People use, and waste, more water in the bathroom than in any other room in the house. Add in all that water use with polluting soaps and shampoos, the energy used to heat the water, and more, and your bathroom could be doing some harm to the environment.

But it does not have to be like that. There are many things you can do to bring a bit of green into your bathroom. These are just a few.

Energy saving lightbulbs. Fluorescent bulbs are 90% more efficient than incandescents. Incandescent bulbs lose most of their energy as heat, which also makes them a fire hazard.

The best lighting for a bathroom is bright enough to allow you to shave or apply makeup without squinting, but soft enough to look flattering while doing it. Choose bright white energy-saving bulbs and soften the light by hanging them at eye level on either side of the mirror or placing them behind frosted glass.

Dual flush toilets. Most new toilets use around seven or eight liters of water each time you flush. Older toilets use 9 to 12 liters. However, you don’t need that much water to flush a toilet.

If you want to save water, replace your toilet with a dual-flush model. Dual flush toilets have one flush for wastewater and one for solids. Naturally, you need less water to remove water waste.

Faucets that conserve water. Leaky faucets waste millions of gallons of water per year and cost you money too. To prevent leaky bathroom faucets, replace your old fixtures with self-closing faucets that shut off the water as soon as you stop pressing a button. This ensures that the water does not stay on while you brush your teeth or shave, and prevents the faucet from leaking.

Think green in the shower. We waste a lot of water showering, plus huge amounts of energy used to heat the water that we waste. If you want to save water and the planet at the same time, consider installing a low-flow showerhead or air shower.

A typical shower head delivers 25 liters of water per minute, while a low-flow showerhead delivers only 6 to 15. Cut your shower time in half and use a low-flow showerhead, and you’ll save a lot of water.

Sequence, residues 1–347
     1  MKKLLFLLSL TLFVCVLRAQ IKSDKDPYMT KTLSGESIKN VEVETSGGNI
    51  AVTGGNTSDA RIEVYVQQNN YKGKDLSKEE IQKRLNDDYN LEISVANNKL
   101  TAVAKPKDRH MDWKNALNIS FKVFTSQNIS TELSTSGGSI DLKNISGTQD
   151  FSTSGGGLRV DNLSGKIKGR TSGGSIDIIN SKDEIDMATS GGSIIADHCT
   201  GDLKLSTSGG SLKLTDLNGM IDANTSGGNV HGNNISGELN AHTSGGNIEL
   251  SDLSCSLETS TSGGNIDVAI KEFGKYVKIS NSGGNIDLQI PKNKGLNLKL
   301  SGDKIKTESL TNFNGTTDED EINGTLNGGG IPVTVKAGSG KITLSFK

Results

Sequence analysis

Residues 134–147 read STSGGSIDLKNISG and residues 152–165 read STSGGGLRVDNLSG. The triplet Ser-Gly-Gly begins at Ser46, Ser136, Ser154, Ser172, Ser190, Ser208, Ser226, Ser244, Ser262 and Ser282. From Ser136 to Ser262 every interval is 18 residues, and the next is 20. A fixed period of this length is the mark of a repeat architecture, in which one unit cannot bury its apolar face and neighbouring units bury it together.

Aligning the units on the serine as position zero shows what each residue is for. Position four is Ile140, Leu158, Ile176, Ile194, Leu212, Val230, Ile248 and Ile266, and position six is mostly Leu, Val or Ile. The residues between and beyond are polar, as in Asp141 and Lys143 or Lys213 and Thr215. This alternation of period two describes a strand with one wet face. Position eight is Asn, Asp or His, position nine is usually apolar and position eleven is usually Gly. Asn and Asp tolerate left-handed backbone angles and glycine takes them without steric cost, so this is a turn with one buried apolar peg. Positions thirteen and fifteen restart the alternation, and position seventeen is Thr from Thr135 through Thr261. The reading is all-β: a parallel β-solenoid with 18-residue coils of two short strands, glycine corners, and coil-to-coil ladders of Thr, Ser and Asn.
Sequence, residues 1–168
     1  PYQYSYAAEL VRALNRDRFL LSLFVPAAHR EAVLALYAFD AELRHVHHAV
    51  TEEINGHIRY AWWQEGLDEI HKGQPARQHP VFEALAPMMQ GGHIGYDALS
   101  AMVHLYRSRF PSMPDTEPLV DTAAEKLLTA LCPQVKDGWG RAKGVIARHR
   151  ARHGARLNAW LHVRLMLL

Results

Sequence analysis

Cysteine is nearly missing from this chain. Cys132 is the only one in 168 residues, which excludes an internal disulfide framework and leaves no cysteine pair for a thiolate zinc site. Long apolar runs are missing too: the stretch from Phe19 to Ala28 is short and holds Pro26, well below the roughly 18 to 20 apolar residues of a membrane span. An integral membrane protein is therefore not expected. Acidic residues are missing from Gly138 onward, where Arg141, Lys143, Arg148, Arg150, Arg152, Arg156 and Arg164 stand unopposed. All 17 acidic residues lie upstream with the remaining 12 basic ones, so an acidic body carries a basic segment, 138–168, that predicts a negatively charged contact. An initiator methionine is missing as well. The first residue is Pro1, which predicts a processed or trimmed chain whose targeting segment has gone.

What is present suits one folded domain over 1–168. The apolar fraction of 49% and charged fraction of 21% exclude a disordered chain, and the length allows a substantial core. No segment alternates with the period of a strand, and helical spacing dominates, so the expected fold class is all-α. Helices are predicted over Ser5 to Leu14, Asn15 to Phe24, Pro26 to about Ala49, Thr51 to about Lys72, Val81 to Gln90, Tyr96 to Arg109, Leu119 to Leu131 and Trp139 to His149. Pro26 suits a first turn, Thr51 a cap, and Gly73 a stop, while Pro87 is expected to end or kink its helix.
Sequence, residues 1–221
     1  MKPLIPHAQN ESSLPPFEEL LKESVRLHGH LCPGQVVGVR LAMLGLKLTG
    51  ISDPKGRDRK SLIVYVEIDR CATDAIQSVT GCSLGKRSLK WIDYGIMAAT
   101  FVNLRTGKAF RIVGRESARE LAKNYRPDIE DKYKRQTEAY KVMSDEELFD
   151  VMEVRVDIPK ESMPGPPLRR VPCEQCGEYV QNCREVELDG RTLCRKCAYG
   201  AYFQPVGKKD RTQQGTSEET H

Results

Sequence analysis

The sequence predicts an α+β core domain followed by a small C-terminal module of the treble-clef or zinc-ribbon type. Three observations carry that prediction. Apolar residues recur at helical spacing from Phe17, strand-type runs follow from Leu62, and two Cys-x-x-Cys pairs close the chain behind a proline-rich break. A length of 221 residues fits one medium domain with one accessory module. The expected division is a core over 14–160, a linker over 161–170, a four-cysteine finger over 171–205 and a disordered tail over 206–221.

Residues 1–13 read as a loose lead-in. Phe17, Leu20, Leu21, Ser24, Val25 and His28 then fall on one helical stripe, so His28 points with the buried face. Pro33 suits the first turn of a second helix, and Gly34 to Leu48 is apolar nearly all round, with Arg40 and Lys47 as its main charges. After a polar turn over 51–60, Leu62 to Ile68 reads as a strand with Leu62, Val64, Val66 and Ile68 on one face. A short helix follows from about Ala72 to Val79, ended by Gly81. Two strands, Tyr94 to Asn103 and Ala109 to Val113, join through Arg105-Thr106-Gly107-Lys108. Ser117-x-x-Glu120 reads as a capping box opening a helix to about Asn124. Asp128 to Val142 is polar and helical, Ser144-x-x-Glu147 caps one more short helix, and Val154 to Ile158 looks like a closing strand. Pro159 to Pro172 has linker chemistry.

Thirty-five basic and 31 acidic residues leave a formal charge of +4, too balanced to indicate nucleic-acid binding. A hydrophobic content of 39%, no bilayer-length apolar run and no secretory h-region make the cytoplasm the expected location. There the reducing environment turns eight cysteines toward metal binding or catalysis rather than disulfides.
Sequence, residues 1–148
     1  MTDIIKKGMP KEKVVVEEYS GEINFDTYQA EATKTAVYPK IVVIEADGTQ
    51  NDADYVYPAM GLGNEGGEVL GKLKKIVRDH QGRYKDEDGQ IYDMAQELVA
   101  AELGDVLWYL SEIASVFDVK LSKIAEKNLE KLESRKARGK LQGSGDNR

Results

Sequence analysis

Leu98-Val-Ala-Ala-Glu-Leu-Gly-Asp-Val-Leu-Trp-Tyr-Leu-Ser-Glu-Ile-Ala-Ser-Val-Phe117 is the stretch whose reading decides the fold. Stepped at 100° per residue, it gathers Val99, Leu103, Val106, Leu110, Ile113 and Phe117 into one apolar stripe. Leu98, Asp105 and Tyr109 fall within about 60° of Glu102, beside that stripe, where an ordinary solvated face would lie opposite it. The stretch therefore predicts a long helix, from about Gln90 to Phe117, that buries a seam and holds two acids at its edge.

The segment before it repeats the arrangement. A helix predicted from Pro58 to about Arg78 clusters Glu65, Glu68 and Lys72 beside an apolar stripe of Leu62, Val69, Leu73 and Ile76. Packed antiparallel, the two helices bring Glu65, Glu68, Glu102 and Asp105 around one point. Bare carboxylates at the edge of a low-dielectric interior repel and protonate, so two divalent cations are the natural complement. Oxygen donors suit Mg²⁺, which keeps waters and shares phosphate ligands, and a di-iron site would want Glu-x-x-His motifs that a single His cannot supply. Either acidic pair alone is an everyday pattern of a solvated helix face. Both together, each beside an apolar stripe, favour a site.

However, if you really want to save water, consider an air shower. An air shower device can be attached to your existing shower head. It pumps every drop of water filled with air. This makes each drop of water bigger, so it feels just as wet and strong as a typical shower head. Studies show that air showers can reduce water consumption by an additional 30%.

Recycled tiles. If you’re redesigning your bathroom from scratch, choose recycled materials like reclaimed glass tile. Glass is completely waterproof, making it a great choice for bathroom walls, floors, and countertops.

Choosing glass also makes good ecological sense. Each recycled glass bottle saves enough energy to run a 100-watt light bulb for about four hours. Additionally, glass accounts for around 6% of all landfill waste and takes over a million years to decompose.

Heat your water efficiently. Most people wait until their water heater fails to buy a new one. This puts you in the position of having to find one quickly, without having to go shopping. But if you take your time finding the right water heater, it could pay off in the long run.

The most common type of water heater is a storage heater: a large storage tank that is constantly heated. Because it always stays hot, this type of heater loses energy even when not in use. However, there are some newer models that are designed to minimize heat loss at idle.

However, if you want a truly efficient water heater, look for a tankless heater or a solar heater. A tankless heater runs the water pipes directly through the boiler, while a solar heater uses the sun’s energy to heat the water. Both will cost more to install, but will cost less to run.

Use non-toxic shampoos and soaps. Many common soaps and shampoos contain chemicals that could put your health at risk. There are many cancer-causing chemicals in deodorants, soaps, shampoos, and body sprays. Some of these persist in the environment, building up in the food chain, and coming back to haunt us long after they’re gone down the drain.

Be skeptical of products labeled “natural”; Under current UK marketing legislation, only 1% of a product needs to be of natural origin to use the label. Look for soaps and shampoos that don’t use artificial fragrances; however, essential oils are fine. Avoid mineral oil, which is just another name for petroleum oil. Also, choose soaps and shampoos that use minimal and biodegradable packaging.

Making your bathroom greener doesn’t have to be a daunting task. Making a change in the soaps you use, limiting your time in the shower, and installing water-saving fixtures can make a world of difference. Whether you’re planning a few simple changes or a major overhaul, a greener bathroom is within your reach.